Amid Russian Nuclear Threat, Biden Administration Sees 'Prolonged Conflict' Leading to 'Diplomacy'

Susan Jones | September 23, 2022 | 8:08am EDT
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The rubble of an Orthodox monastery in a recently freed region of Ukraine is seen on September 22, 2022. (Photo by ANATOLII STEPANOV/AFP via Getty Images)
The rubble of an Orthodox monastery in a recently freed region of Ukraine is seen on September 22, 2022. (Photo by ANATOLII STEPANOV/AFP via Getty Images)

( - The Biden administration says diplomacy is the only way to end the war in Ukraine, but at the United Nations and in Washington this week, there were no calls for talks to begin. In fact, there was insistence that the war continue until Putin alone ends it.

As one administration official said, "this could be a prolonged conflict...Neither side appears to be willing to sit down and negotiate."

The Biden administration has indicated a willingness to let the war grind on, as it will continue to do as long as the U.S. keeps supplying Ukraine with billions of dollars in military equipment and support.

Speaking at the United Nations Security Council Ministerial meeting in New York, Secretary of State Antony Blinken said only "one man" can end the war:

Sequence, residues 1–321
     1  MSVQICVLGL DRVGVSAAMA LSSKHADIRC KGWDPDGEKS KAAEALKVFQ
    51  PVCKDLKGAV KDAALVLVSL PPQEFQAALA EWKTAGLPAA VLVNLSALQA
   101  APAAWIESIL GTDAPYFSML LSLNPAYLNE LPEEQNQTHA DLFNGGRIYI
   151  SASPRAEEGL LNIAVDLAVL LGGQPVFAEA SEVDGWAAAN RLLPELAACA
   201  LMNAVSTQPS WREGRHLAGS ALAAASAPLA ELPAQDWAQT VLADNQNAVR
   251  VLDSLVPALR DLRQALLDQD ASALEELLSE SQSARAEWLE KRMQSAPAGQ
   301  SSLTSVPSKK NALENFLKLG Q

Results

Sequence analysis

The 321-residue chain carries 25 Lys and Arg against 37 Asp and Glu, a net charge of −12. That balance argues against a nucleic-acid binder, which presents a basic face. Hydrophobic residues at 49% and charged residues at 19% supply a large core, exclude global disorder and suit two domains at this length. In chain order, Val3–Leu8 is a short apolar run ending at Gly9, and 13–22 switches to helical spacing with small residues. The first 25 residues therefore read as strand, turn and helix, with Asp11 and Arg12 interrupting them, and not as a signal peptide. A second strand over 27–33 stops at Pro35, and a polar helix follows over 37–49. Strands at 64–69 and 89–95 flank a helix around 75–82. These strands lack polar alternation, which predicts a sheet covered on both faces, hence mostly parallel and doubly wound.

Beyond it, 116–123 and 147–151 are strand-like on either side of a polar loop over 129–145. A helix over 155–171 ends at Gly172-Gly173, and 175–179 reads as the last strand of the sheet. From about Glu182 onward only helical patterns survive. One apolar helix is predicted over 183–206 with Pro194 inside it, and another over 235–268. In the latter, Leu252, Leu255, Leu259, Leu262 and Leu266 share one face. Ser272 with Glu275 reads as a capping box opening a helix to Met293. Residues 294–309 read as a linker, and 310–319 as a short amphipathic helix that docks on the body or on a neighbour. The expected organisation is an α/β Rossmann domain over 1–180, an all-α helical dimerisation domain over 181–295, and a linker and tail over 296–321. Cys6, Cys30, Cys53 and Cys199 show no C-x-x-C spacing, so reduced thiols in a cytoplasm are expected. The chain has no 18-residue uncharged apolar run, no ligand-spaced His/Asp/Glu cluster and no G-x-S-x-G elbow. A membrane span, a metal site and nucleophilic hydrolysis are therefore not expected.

"One man chose this war. One man can end it. Because if Russia stops fighting, the war ends. If Ukraine stops fighting, Ukraine ends. That's why we will continue to support Ukraine as it defends itself, and strengthen its hand to achieve a diplomatic solution on just terms at a negotiating table.

"As President Zelenskyy has said repeatedly, diplomacy is the only way to end this war, but diplomacy cannot and must not be used as a cudgel to impose on Ukraine a settlement that cuts against the U.N. Charter or rewards Russia for violating it. President Putin is making his choice. Now it's up to all of our countries to make ours.

"Tell President Putin to stop the horror that he started. Tell him to stop putting his interests above the interests of the rest of the world, including his own people. Tell him to stop debasing this Council and everything it stands for."

Blinken also noted that Russian President Vladimir Putin picked this particular week, when the U.N. Security Council is meeting, to call up 300,000 reservists to replenish Russian troop levels.